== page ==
The spots remain in California's spotty resale housing market as the hard hit economy in the North continues to take it in the sales and price area while the stronger South still appears recession proof.
Home sales in the nine-county San Francisco Bay Area declined in a year-to-year basis for the fourteenth month in a row in October and the median price dropped for the first time in six years. Sales plummeted 19.6 percent from October last year and the $366,000 median price was down 0.8 percent from a year ago, but things are "normal" up North, according to Data Quick Information Services in La Jolla, CA.
"Today's Bay Area market is actually pretty normal. The market in 1999 and 2000 was overly rambunctious. We expect the Bay Area market to stay on an even keel through the rest of the year and on into 2002," said Mike Ela, DataQuick president.
Luxury homes likewise took a hit up north as values of high-end homes in San Francisco dropped 7.5 percent during the third quarter compared to the second quarter -- the first drop since 1999, according to the Prestige Home Index by First Republic Bank.
San Francisco's average luxury home value of $2.21 million, fell from the index's record high of $2.39 million in the second quarter of 2001, but current values are nearly identical to those of the third quarter of 2000.
"San Francisco housing values fell from their highest levels ever, largely in response to the technology slowdown in San Francisco and Silicon Valley," said Katherine August-deWilde, Executive Vice President of First Republic Bank.
Bad news for sellers was good news for buyers, some of whom saw affordability soar by double digits, thanks largely to falling prices and record low mortgage interest rates in an area where home prices remain below the half million dollar mark.
"The greatest year-to-year regional improvement was in Santa Clara County (Silicon Valley), where affordability climbed 12 points to 30 percent, as the median price decreased from $527,220 in October 2000 to $481,000 this year," said Robert Bailey, president of the California Association of Realtors.
The affordability percentage is the percentage of households that can afford the median priced home.
Affordability also jumped up north 9 percentage points in San Luis Obispo County, 7 points in Alameda County and 6 points each in Monterey and San Mateo counties and 5 points in San Francisco and Marin counties, according to CAR.
More current reports from RealtyTimes.com's Market Conditions Report of Silicon Valley reveal, thanks to the boost in affordability, the decidedly buyer's market may be near bottom.
"As of October, while buyers still have a great selection as compared to this time last year, the inventory is at its lowest since last winter. The relatively low inventory plus extremely low interest rates have encouraged buyers to make decisions. While the multiple offer frenzy of 1997-2000 is gone, multiple offers still occur for homes in good condition priced at or below market levels. Single family homes in the $400,000 to $500,000-range are currently the best sellers," said Diane Bogart of Coldwell Banker/Cornish & Carey in Los Gatos.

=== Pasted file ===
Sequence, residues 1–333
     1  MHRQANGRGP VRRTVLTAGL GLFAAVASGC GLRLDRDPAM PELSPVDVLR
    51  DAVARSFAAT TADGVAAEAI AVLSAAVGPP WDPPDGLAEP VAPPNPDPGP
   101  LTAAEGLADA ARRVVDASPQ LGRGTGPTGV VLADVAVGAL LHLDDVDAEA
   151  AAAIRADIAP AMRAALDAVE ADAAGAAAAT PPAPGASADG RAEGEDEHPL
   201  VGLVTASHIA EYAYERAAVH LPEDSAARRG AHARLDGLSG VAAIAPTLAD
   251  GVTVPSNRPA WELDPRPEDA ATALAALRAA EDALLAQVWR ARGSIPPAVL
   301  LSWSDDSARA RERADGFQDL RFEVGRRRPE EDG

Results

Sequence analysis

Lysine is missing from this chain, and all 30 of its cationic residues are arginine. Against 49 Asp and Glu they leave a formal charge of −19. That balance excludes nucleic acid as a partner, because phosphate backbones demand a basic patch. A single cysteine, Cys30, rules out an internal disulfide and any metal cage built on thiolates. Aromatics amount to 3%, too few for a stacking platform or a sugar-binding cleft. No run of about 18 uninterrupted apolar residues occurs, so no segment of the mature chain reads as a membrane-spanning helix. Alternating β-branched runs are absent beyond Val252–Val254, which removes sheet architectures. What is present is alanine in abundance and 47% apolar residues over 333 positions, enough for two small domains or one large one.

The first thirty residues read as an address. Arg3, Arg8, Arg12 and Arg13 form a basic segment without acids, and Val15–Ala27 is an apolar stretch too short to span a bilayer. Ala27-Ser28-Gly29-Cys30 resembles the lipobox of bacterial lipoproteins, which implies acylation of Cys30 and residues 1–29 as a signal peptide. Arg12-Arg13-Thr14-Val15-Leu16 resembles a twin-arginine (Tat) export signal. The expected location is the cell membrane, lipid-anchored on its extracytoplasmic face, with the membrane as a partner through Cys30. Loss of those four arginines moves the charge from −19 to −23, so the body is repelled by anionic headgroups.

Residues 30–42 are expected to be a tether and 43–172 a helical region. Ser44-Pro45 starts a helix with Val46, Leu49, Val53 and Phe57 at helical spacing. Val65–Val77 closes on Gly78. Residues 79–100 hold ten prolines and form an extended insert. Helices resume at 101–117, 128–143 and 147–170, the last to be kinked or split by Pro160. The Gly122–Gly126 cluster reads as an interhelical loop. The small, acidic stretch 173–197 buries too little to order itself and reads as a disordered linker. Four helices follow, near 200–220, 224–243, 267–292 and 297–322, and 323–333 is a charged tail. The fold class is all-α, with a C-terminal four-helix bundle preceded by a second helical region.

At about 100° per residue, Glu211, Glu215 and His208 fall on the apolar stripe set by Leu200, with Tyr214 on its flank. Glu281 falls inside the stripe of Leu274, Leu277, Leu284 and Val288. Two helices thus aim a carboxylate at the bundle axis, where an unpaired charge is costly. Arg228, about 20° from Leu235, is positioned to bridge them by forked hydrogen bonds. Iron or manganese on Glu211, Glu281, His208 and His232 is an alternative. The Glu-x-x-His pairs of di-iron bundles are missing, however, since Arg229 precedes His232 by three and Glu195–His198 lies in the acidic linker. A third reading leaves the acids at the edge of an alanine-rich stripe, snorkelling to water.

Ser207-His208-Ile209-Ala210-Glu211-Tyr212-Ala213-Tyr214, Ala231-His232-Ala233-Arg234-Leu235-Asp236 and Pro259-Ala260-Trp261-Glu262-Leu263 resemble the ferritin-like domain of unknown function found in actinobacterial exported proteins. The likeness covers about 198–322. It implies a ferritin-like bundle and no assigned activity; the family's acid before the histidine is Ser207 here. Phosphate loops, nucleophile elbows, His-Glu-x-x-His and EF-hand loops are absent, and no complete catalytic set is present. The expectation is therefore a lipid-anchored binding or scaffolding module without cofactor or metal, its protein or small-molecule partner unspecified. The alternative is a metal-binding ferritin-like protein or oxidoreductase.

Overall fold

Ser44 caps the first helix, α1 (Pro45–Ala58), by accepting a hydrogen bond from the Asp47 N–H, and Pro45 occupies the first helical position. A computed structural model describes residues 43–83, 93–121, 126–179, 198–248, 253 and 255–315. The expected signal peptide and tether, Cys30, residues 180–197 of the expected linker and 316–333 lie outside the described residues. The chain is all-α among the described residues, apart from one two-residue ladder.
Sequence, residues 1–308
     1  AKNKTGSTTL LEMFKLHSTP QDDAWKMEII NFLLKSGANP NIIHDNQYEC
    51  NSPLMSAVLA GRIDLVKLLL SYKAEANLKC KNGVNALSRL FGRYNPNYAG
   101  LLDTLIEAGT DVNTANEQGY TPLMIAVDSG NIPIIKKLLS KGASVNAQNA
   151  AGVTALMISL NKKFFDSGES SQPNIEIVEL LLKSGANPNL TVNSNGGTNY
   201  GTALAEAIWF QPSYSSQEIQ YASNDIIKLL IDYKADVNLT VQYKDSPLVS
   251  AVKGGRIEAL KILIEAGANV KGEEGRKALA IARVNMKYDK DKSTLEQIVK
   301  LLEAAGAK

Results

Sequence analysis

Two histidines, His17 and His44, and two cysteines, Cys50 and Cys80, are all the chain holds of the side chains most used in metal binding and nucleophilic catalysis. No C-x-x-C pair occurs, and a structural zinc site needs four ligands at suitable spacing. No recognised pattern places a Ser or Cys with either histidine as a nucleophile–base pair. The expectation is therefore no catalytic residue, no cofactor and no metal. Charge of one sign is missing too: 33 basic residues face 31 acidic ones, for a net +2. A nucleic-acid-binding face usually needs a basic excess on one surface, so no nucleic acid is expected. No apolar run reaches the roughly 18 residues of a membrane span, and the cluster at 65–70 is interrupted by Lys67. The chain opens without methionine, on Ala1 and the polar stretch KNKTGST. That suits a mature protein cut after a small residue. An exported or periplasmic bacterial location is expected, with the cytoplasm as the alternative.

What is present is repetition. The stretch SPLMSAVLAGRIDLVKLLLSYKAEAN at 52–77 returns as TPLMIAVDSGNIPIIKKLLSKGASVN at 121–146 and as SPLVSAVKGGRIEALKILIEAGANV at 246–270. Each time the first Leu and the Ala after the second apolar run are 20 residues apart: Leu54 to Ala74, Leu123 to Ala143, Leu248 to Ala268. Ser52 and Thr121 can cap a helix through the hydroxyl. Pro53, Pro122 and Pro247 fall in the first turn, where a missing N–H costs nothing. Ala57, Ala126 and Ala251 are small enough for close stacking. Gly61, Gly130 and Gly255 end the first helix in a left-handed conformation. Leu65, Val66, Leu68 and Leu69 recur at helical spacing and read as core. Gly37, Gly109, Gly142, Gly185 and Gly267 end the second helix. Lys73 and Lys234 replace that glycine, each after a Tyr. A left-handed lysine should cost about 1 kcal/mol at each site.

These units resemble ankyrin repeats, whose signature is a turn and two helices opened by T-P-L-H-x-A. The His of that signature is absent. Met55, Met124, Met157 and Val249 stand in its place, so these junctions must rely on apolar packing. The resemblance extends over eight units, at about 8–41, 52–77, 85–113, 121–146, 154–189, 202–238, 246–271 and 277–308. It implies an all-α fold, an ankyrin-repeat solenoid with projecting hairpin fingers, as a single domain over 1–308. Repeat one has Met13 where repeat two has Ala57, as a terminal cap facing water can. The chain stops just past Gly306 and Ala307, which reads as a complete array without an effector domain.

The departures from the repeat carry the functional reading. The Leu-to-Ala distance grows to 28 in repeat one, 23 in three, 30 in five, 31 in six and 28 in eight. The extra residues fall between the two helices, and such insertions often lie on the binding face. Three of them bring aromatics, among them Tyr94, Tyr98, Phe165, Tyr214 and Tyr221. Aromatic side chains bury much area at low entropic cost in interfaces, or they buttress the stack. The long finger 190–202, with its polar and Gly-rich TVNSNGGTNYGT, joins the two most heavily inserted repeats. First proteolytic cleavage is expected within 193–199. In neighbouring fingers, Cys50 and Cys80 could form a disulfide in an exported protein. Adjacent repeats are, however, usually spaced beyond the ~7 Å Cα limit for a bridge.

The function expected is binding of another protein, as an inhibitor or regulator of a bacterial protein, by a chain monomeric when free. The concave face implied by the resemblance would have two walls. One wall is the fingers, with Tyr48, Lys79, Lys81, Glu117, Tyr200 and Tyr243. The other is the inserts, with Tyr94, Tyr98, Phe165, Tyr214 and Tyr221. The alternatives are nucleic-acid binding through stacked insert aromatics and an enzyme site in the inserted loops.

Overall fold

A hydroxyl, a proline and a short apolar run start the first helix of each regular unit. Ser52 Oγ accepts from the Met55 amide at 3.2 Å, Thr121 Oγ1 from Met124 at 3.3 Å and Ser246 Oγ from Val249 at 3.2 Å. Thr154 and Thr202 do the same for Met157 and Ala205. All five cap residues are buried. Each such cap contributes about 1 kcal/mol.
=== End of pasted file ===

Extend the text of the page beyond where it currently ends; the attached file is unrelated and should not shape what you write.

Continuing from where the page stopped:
Statewide, affordability moved up three points, but no thanks to Southern California where it was still getting tougher to afford a home.
Affordability in Santa Barbara, for example, dropped 9 points from a year ago and now slightly more than one in four can afford the median priced home.
"While potential buyers in move-up and prestige markets are holding back, entry-level buyers are jumping in. A lot of people are qualifying for home loans now that couldn't have a year ago because of today's lower interest rates and more inclusive lending standards," said Ela at DataQuick, reporting for Los Angeles, Riverside, San Diego, Ventura, San Bernardino and Orange counties.
Sales were up 5.6 percent from a year ago October in the area for the highest sales count ever in October since 1989. The median price paid for a Southland home was $233,000 last month way up 9.2 percent from $214,000 for October last year.
Hot Luxury Homes
Wealthy home buyers also were paying more for housing as Los Angeles luxury home values increased 2.4 percent from the second quarter, to an average value of $1.31 million -- the highest level for high-end homes since 1992. San Diego experienced the greatest increase in million-dollar home values which jumped 6.2 percent from the second quarter to $1.39 million -- the region's second highest quarterly value in the survey's history.
"Everyone is anticipating that the (Southland) market is going off a cliff like it did in Silicon Valley, but that's not going to happen here," said Alan Mark, of Prudential Malibu Realty.
"The strength of the entertainment world hasn't come back the way it normally has, but it hasn't been abandoned either. We have very qualified buyers who want to know if they can get a deal on something nice."
More current market evidence says all may not be so well in the Southland.
RealtyTimes.com's San Diego Market Conditions Report from agents in the field points to a market with flat sales prices and a strong trend toward a buyer's market.
"Overall the market is steady. Sellers are reluctant to reduce the price at this time. Sellers are not totally convinced that the market has shifted enough to warrant a price reduction. Buyer's are in the market, but the overall decision marking process is very slow. With the large number of properties to select from buyer's can take as much time as they need to make the right decision," said Joseph A. Sampson of Realty Executives Inc. in San Diego.
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